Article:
It’s another case of your government working for you, instead of you working for yourself.
After the Federal Reserve engineered a plan for JPMorgan Chase (NYSE:JPM) to take over ailing investment bank Bear Stearns (NYSE:BSC), the April 2 “CBS Evening News” suggested the government should do the same for faltering homeowners.
“Now to the foreclosure crisis that has so many Americans worried about losing their homes,” “Evening News” anchor Katie Couric said. “After the government helped rescue Bear Stearns, calls grew louder for Washington to help struggling homeowners as well. Today on Capitol Hill, there was at least the promise of some assistance.”
Details of the taxpayer-funded plan agreed to by the Senate Banking Committee still need to be hammered out, but the cost of the plan will run in the hundreds of billions. CBS correspondent Wyatt Andrews detailed some of the aspects of the plan.
“With thousands of homes still going into foreclosure every day, the Senate has decided to act, piecing together a mortgage aid package to help stabilize the decline in the value of homes,” Andrews said. “With details of the package still to come, states would get $10 billion to help refinance subprime mortgages. Localities would get $4 billion to buy homes in foreclosure. The biggest idea for home buyers is a $7,000 tax credit for anyone buying a new home, a home in default, or a home in foreclosure.”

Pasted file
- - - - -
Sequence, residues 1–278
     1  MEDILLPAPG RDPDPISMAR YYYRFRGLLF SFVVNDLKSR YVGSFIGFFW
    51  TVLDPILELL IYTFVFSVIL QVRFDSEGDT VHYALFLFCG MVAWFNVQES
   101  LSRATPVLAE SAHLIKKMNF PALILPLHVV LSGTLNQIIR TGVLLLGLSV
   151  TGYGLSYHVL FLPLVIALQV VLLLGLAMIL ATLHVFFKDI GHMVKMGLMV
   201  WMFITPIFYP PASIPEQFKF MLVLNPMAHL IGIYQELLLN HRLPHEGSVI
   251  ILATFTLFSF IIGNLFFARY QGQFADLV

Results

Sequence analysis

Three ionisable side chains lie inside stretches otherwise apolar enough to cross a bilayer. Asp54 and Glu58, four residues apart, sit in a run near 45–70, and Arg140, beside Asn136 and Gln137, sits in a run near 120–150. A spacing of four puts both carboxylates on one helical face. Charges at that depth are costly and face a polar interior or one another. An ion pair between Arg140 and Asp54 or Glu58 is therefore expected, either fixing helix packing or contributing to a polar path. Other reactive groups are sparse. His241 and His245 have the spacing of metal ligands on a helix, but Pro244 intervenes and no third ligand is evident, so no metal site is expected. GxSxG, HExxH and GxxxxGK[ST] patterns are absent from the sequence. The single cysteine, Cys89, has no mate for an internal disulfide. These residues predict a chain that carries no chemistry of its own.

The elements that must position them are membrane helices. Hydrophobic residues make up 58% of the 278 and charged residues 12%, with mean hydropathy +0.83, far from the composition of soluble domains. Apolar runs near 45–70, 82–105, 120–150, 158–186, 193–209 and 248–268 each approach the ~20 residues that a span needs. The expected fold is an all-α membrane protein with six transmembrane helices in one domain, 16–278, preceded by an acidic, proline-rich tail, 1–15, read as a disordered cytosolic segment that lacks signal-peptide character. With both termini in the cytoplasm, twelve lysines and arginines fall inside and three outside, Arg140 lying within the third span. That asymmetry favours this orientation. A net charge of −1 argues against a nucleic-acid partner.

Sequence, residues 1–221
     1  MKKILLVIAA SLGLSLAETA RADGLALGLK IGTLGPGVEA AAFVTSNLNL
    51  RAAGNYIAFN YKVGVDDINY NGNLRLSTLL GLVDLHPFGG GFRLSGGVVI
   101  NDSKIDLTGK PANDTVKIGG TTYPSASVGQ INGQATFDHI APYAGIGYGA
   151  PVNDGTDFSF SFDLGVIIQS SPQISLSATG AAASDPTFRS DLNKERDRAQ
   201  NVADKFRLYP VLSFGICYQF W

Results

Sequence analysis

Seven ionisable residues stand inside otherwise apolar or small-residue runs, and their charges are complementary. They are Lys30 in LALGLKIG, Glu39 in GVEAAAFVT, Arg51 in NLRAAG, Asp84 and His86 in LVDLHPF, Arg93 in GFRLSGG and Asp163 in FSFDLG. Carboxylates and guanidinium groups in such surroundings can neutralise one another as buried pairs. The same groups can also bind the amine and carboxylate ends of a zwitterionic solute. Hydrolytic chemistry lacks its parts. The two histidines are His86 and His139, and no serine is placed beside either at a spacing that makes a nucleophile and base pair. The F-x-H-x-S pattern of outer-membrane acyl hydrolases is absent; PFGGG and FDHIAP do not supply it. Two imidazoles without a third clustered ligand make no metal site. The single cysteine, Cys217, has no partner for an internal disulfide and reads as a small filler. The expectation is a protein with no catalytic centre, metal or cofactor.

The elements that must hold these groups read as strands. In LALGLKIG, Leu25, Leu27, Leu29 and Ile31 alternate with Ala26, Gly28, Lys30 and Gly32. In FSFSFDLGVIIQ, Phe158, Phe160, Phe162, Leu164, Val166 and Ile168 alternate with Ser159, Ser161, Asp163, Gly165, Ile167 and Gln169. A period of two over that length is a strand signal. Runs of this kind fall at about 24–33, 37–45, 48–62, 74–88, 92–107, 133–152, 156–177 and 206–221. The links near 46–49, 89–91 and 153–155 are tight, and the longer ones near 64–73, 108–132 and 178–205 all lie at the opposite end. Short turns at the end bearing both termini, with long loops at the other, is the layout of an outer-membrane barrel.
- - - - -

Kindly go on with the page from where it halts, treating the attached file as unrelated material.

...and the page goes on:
That was an inadequate response for some. Peter Morici, a chronic advocate of government intervention and a frequent CBS News contributor, said the proposal wasn’t enough.
“One shouldn't view it as a silver bullet,” Morici said. “As they see the need to stop the decline in housing prices, and they also need to do political damage control.”
Even though there is agreement on both sides of the aisle on the Senate Banking Committee on this housing legislation, House Speaker Nancy Pelosi (D-Calif.) isn’t going to give the bill a free pass in the House, according to the April 3 Politico.
“The Senate came together in a bipartisan way and gave a signal that Congress is prepared to act,” Pelosi said, according to Politico. “There are some improvements that certainly need to be made. …Hopefully the balance will swing to be more in favor of those families who are in danger of losing their homes."
CBS also quoted liberal Democratic Rep. Carolyn Maloney (N.Y.), who parroted the Wall Street/Main Street comparison the media and the Democratic presidential candidates have trotted out the last several months.
“Wall Street has been helped, now it’s time to help Main Street,” Maloney said.
No Congressional Republicans or economists with a more laissez-faire view of government policy and economics were included in the “Evening News” segment.